Snyder Communications

From Wikipedia, the free encyclopedia
Jump to: navigation, search

Snyder Communications Inc. (SNC) was founded in 1988 by Daniel M. Snyder and his sister Michelle Snyder. Their activities were mainly outsourced marketing services, such as Direct marketing, database marketing, proprietary product sampling, sponsored information display in prime locations, call centres, field sales.

There was an Initial public offering for SNC in September 1996 with a sale of 7.8 million shares at $17 a share. The IPO raised more than $130 million. Daniel Snyder became the youngest ever CEO of a New York Stock Exchange listed company at the age of 32.[1]

Snyder Communications was acquired on April 4, 2000 by Havas, then Havas Advertising, in an all-share transaction worth in excess of US$2 billion.[2]

Acquisition spree[edit]

SNC grew aggressively through acquisitions. In 1995, Arnold Communications boss Ed Eskandarian sold out to Snyder. It acquired four other firms since the beginning of 1997, including Medical Marketing Detailing Inc., a New York-based provider of pharmaceutical marketing services; American List Corp. of Mineola, New York, which maintains a database of more than 30 million students that it rents to direct mail and telemarketing companies;fair Neighbor Direct, which provides marketing services for clients in 5,000 retail outlets; and Brann Holding Ltd., a British direct marketing company.

On an organic basis, SNC's revenue nearly doubled between 1995 and 1996 to $82.8 million. Medical Marketing Detailing itself had revenue of about $35 million in its fiscal year ended in October. American List's revenues in 1996 were about $19 million. The cost of those two acquisitions was just over $200 million.[3]

Prior to the IPO, Ventiv Health was hived off and distributed to the existing SNC shareholders. Circle.com, the online activities of SNC, was listed separately as a tracking stock.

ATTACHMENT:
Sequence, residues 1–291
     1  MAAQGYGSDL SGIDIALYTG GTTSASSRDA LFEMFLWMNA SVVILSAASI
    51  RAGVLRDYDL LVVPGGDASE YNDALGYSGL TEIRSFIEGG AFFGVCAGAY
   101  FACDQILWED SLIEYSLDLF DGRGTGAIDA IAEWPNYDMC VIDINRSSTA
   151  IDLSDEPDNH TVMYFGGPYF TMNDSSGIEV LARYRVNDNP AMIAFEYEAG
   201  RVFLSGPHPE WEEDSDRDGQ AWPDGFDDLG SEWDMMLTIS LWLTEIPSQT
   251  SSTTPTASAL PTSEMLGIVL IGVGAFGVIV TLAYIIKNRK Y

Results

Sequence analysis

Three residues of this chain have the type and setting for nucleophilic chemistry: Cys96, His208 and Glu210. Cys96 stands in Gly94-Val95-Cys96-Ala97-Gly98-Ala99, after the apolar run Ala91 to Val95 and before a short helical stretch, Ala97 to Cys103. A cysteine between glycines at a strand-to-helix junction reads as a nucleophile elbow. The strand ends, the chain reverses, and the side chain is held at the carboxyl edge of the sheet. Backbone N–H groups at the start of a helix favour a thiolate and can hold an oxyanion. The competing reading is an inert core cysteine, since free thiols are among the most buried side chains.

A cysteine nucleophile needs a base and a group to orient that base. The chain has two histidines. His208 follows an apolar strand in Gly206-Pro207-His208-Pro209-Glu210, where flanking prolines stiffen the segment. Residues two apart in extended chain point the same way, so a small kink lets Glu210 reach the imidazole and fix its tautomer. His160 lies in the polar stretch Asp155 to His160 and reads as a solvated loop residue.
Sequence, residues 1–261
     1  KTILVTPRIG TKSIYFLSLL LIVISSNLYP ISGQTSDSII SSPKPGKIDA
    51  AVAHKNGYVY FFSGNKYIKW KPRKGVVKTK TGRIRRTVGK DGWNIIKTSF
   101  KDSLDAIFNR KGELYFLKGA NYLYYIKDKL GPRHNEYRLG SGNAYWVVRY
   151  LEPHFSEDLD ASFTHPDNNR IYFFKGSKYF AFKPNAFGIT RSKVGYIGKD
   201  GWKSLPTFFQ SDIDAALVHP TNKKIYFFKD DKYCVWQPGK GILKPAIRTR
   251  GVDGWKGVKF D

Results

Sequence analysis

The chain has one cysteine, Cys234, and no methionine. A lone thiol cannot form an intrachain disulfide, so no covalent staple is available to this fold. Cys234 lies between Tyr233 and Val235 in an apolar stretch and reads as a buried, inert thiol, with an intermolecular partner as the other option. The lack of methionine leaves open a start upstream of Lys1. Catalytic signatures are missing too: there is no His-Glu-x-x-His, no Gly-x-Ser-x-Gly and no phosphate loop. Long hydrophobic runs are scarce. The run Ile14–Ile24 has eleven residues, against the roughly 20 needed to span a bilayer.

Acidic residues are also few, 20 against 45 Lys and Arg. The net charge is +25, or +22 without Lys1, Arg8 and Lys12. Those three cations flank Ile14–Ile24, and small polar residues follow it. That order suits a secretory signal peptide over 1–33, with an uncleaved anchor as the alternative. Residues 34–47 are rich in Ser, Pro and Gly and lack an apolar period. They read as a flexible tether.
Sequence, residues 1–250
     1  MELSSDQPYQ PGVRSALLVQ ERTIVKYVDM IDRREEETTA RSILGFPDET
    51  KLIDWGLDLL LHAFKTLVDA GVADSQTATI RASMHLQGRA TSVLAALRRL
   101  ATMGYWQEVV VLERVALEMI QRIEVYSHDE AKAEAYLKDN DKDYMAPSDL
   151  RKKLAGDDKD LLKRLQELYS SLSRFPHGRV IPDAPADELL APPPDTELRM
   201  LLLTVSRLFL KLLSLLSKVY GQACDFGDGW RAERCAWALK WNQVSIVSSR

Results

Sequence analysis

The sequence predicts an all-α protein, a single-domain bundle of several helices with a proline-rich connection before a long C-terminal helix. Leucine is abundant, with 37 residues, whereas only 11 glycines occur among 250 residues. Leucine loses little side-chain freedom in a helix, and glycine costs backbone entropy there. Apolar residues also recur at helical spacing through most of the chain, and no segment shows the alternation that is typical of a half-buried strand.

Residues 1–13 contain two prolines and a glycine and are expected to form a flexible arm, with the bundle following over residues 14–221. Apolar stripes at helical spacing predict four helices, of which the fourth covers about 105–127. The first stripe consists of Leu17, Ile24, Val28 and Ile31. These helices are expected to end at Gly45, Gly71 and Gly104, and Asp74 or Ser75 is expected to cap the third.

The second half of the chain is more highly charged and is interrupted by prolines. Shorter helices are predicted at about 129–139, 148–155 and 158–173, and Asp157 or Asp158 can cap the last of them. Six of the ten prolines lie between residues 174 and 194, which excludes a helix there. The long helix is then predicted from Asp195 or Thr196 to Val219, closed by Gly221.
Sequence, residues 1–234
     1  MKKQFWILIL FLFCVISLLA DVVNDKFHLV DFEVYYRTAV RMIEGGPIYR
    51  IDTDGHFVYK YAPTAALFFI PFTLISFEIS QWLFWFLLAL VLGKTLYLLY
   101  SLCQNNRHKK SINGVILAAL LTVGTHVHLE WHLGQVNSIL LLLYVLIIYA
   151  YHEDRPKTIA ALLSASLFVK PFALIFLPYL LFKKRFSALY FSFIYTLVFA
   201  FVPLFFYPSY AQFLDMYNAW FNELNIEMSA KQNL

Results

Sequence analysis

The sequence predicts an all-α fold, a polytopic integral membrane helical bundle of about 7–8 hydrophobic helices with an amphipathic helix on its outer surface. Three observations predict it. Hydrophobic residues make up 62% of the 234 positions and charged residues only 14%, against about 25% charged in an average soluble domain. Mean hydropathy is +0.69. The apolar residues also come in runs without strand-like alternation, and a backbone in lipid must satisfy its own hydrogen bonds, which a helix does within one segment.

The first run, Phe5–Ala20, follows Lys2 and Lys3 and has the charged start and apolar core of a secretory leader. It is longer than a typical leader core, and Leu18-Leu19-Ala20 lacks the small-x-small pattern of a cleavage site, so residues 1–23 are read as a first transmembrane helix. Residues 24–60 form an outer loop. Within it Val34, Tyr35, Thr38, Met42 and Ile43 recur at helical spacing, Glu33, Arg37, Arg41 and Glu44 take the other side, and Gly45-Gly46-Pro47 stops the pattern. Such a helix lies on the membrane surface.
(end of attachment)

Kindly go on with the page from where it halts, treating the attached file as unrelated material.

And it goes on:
Within two years after the IPO, Snyder had negotiated to acquire at least 14 companies[4] In March 1997, SNC bought PromoTech Research Associates, a pharmaceutical marketing communications and direct marketing firm for an undisclosed sum.[5] In December 1997, SNC agreed to buy Blau Marketing, a closely held direct marketing firm based in Wilton, Connecticut, for $72 million.[6] It also bought two pharmaceutical contract sales organizations for a total of $58.5 million:[7] Pharmflex for $34 million and Rapid Deployment Group Ltd. for $24.5 million. Pharmflex, of Malvern, Pennsylvania, and Rapid Deployment, of Winchester, England, provide sales services to pharmaceutical companies. In September 1998, acquired MKM Marketing of Munich, Germany for $58 million.[8]

At the end of 1999, SNC was put up for sale by the principal shareholder, Daniel Snyder, who wanted to concentrate on football.[9] In the meantime, in January 2000, SNC officially launched Bounty SCA Worldwide,[10] a division that organizes the numerous marketing services businesses it has acquired over the previous few years.

Enter Havas Advertising[edit]

On April 4, 2000, at the height of the M&A frenzy, Havas Advertising agreed[11] to acquire Snyder in an all-share transaction in a deal worth in excess of US$2 billion. Just prior to the takeover, the market capitalisation of SNC was just US$1.3 billion. SNC's three divisions – Bounty SCA Worldwide, Arnold Communications and Brann Worldwide – were respectively merged with Euro RSCG, Campus, and Diversified Agencies.[12] Arnold Communications becomes Havas' second network, Arnold Worldwide Partners.

See also[edit]

References[edit]

  1. ^ "The Secrets of Their Success – and Yours". Fast Company Magazine. June 1997. 
  2. ^ "Havas Filing 425 (Snyder Communications Inc". US Securities & Exchanges Commission. July 18, 2000. 
  3. ^ "Snyder Communications". Washington Post. April 28, 1997. 
  4. ^ Warner, Judy (March 30, 1998). "Arnold, Snyder Do The Deal". AdWeek.
  5. ^ "Snyder Communications buys PromoTech". Washington Business Journal. April 1, 1999. 
  6. ^ "Snyder Communications to Add Direct Marketing Firm". New York Times. January 1, 1998. 
  7. ^ "Snyder Communications Acquires 2 Sales Businesses". New York Times. December 10, 1997. 
  8. ^ "Snyder Communications scores". Washington Business Journal. September 15, 1998. 
  9. ^ "The Greening Of The Redskins". Forbes Magazine. September 8, 2000. 
  10. ^ "Organizing the Tool Chest: Bounty puts the service in Snyder". Promo Magazine. February 1, 2000. 
  11. ^ "Havas Filing 425 (Snyder Communications Inc". US Securities & Exchanges Commission. July 18, 2000. 
  12. ^ "CEO Calls Havas/Snyder Merger an Ideal Fit". Direct Marketing Magazine. May 2000.